2008

The Shakespeare Conference: SHK 19.0151  Friday, 7 March 2008

[1] 	From:	Cheryl Newton <This email address is being protected from spambots. You need JavaScript enabled to view it.>
	Date:	Friday, 29 Feb 2008 16:16:49 -0500
	Subj:	Re: SHK 19.0136 Solid Flesh Once More

[2] 	From:	Steve Roth <This email address is being protected from spambots. You need JavaScript enabled to view it.>
	Date:	Thursday, 6 Mar 2008 09:03:22 -0800
	Subj:	Re: SHK 19.0131 Solid Flesh Once More


[1]-----------------------------------------------------------------
From:		Cheryl Newton <This email address is being protected from spambots. You need JavaScript enabled to view it.>
Date:		Friday, 29 Feb 2008 16:16:49 -0500
Subject: 19.0136 Solid Flesh Once More
Comment:	Re: SHK 19.0136 Solid Flesh Once More

David Bishop <This email address is being protected from spambots. You need JavaScript enabled to view it.> writes,

[ . . . ] but since this thought apparently doesn't compute with anyone 
on this list, I must tentatively conclude, with pleasant surprise, that 
I am the only critic who has ever thought of it..

Almost, almost! I suggested that the word is 'solid,' and that  the 
closing is not 'to a dew' but 'to adieu' ( to farewell/death.) Another 
Lady Scholar here suggested the same thing.

Cheryl

[2]-----------------------------------------------------------------
From:		Steve Roth <This email address is being protected from spambots. You need JavaScript enabled to view it.>
Date:		Thursday, 6 Mar 2008 09:03:22 -0800
Subject: 19.0131 Solid Flesh Once More
Comment:	Re: SHK 19.0131 Solid Flesh Once More

What a stunningly good post. Thanks, Martin, for contributing to our 
understand of the "dense network of Shakespeare's usage."

This emblematic debate reveals:

1. The either/or difficulty that an editor (for stage or [but especially 
for] page) faces in having to select a single variant. (Something that a 
reader/auditor/ponderer need not do.)

2. The often rather pointless either/or debates that (we) scholars 
engage in.

3. The fact that Hamlet exists in innumerable fixed versions for stage 
and page, but that its ultimate expression exists only in the mind of a 
reader/auditor/ponderer capable of perceiving, (nearly?) simultaneously, 
multiple and multivalent intertwined meanings.

4. The fact--happily now more widely accepted since Lukas Erne re-opened 
the door for interpretations that allow for a reader rather than 
auditors only--that reading, re-reading, researching, analyzing, and 
pondering Shakespeare's plays reveals depths and complexities of meaning 
unavailable to (even a multiple) auditor. (Which itself suggests that 
Shakespeare had both auditors and readers in mind while composing.)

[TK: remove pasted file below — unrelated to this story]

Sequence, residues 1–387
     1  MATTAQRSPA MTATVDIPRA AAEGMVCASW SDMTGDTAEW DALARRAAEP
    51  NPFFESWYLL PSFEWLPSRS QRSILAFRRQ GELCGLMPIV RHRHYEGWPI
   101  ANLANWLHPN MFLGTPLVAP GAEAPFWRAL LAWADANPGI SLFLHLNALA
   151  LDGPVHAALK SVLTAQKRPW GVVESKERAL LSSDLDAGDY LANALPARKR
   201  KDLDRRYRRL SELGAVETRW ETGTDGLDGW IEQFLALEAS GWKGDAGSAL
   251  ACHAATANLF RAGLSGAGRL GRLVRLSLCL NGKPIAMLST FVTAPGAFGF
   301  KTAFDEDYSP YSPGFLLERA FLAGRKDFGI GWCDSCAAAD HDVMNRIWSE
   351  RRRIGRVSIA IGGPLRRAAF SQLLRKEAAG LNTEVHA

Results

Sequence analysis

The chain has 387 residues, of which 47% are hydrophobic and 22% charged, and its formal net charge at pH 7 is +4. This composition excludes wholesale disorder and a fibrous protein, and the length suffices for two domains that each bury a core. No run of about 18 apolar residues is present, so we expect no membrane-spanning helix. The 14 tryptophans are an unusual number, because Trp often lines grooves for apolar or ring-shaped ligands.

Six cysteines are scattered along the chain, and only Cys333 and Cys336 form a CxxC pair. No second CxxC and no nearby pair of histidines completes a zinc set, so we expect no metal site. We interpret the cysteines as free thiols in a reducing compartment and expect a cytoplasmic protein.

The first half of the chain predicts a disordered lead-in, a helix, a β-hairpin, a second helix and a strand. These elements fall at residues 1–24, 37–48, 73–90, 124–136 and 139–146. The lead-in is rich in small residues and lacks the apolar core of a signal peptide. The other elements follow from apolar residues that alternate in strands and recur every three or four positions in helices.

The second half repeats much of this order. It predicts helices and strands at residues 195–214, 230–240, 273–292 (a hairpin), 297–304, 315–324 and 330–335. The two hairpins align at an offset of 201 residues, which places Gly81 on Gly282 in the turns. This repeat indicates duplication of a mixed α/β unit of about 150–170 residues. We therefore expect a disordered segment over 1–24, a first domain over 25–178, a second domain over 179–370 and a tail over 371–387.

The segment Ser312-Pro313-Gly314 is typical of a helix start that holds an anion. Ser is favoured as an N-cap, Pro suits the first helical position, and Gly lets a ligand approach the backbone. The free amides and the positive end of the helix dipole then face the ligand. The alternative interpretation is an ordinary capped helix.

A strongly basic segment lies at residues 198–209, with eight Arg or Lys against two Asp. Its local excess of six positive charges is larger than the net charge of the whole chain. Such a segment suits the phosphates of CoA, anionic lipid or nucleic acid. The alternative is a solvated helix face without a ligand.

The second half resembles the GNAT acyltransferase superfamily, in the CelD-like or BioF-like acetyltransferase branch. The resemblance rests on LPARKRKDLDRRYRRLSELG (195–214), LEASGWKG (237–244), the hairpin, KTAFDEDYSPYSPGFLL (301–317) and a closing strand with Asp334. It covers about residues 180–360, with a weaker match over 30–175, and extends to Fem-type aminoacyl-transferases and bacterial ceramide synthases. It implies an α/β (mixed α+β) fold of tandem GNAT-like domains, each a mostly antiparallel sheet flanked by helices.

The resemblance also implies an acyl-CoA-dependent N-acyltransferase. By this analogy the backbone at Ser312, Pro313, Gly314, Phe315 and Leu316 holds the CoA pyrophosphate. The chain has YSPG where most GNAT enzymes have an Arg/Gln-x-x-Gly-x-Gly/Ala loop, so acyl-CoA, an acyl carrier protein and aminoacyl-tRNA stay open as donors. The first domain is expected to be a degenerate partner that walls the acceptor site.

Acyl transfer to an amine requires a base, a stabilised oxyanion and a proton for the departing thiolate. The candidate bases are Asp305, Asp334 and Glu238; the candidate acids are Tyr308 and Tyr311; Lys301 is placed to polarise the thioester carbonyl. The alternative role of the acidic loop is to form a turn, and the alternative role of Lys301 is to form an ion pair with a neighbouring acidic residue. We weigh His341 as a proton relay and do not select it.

So:

Q: Is Hamlet's flesh sullied, sallied, or solid?

A: Yes.

But "and," not "or."

Special thanks to Martin for bringing the military meaning of 
sally/sallied firmly into the field for this line. It adds a whole ream 
of cross-correlations, echoing across the play.

See, for instance, the vector from this military connotation to Hamlet's 
comment on Fortinbras' Polish adventure, and that passage's association 
between military sallies and sullied flesh:

Two thousand soules, & twenty thousand duckets
Will not debate the question of this straw,
This is th'Imposthume of much wealth and peace,
That inward breakes, and showes no cause without
Why the man dies.

Which echoes back to Hamlet's bit on how Denmark's "atchieuements, 
though perform'd at height" are sullied by Claudius's "heauy headed 
reueale east and west." A "dram of eale," "some viscious mole of nature 
in" "particular men," sullies "all the noble substance" of a man, or of 
a warlike state.

I would add associations with the word "sallet," as in seasoning. (With 
some connotations with rotten meat, since seasonings were used to both 
prevent and disguise same.)

cf Hamlet approvingly remembering the comment by his fellow auditor of 
Dido ("whose judgement[s] in such matters cried in the top of mine"), 
who was himself so approving of Dido and its playwright. The play, said 
this worthy critic, was not sullied with condescensions to "the 
general." It had "no sallets in the lines to make the matter savory." 
(Could "sallets" also hint at military sallies, fights and bombast 
played to the pit? Perhaps...)

Likewise (thank god!) Hamlet's highbrow co-critic found "no matter in 
the phrase that might indite the author of affect[at]ion."

<g>

Steve

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